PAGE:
Surferbird News-Links, 45th Edition

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Welcome! Highlights from today's Surferbird News-Links include: my sticky brain, Jupiter, slime eel goo, lead in lipstick, basic income, chicken cooked in butter, Antarctic sea ice and more.

Sticky brain

When my son was much younger, his teachers referred to the tendency of kids with Asperger's or autism to become fixated on an idea or problem as having sticky brain. Well, the owl has been suffering from a severe case of sticky brain.

Granted, you must be tired of my freelance project chatter, but I became hyperfocused — a sticky brain casualty. However, the project does seem to be coming to a close. And I'll fill you in on the details soon. But if I want to make a career out of freelancing, I'll need to unstick my sticky brain so that I write more blog posts! I don't plan on abandoning the owl.

Views

Glorious, mysterious Jupiter (theatlantic.com)

NASA's spacecraft, Juno, captured photographs of Jupiter's south pole —  images that haven't been seen until now.

News-Links

Economy

Elon Musk believes we'll probably end up with a basic income due to automation. (cleantechnica.com)

I had no idea until I read this article that in addition to liberals and Socialists supporting the idea of a basic income, some Libertarians support it too — a fascinating read.

Environment

Large coal plant in Arizona closes earlier than expected. (grist.org)

This is good news for the environment — not for local economies.

Lowest amount of Antarctic sea ice on record (theguardian.com)

However, the director of the US National Snow and Ice Data Center (NSIDC) plans to wait another five days before officially confirming the record low.

Twenty bipartisan governors who support renewable energy sent a letter to other governors and Trump. (grist.org)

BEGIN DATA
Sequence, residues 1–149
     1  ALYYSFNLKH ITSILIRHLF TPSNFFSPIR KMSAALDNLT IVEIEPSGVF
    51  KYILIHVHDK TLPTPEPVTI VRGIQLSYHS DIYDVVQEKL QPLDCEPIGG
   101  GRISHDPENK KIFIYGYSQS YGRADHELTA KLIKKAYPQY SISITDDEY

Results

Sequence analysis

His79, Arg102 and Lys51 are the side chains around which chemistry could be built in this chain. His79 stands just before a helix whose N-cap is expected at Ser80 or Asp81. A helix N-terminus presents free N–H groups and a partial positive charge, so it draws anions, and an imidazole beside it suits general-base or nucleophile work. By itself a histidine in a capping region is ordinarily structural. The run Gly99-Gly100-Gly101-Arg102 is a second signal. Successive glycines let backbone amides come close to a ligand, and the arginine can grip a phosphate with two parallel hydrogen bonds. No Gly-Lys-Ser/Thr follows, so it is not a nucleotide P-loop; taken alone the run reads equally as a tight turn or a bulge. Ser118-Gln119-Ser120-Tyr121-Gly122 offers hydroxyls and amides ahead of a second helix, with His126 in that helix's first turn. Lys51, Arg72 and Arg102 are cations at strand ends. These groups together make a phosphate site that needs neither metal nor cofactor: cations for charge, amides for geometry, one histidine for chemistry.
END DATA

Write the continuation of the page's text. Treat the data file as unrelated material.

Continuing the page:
They claim that renewable energy could help boost rural economies, which Trump promised to revitalize. The article concedes that the governors might have better luck convincing fellow governors than Trump. After all, the author reminds us of Trump's deep abiding love for wind energy.

Farming

Growing more nutritious grasses for cows also helps reduce greenhouse gases. (npr.org)

This project in Puerto Rico aims to improve grazing quality for cows while helping the environment. And it has the potential to be implemented in other tropical areas, also.

Food

Chicken cooked in butter (food52.com)

For my gluten-free friends, and that includes moi at times, the wheat flour could easily be substituted for a gluten-free alternative. And all that butter adds satiety!

Green technology

Electric buses — Microvast (cleantechnica.com)

Microvast, a Chinese company, is expanding into the U.S. by building a manufacturing facility near Houston, TX. They expect U.S. deliveries in 2017.

Health

Lead in lipstick (ewg.org)

In the US, cosmetic companies don't have to disclose that their products contain lead. But when tested, the FDA found lead in hundreds of lipsticks from 20 of the most common brands. Check the Environmental Working Group database for safe options.

Science and technology

The goo from slime eels inspires U.S. Navy to develop a substance that could help protect our troops in combat. (qz.com)

Unlike oil-based synthetics, such as nylon and spandex, this substance might provide a sustainable option for manufacturing protective gear. Oh, and the article features a cool video of a slime eel!

Happy Belated Valentine's Day!

Laura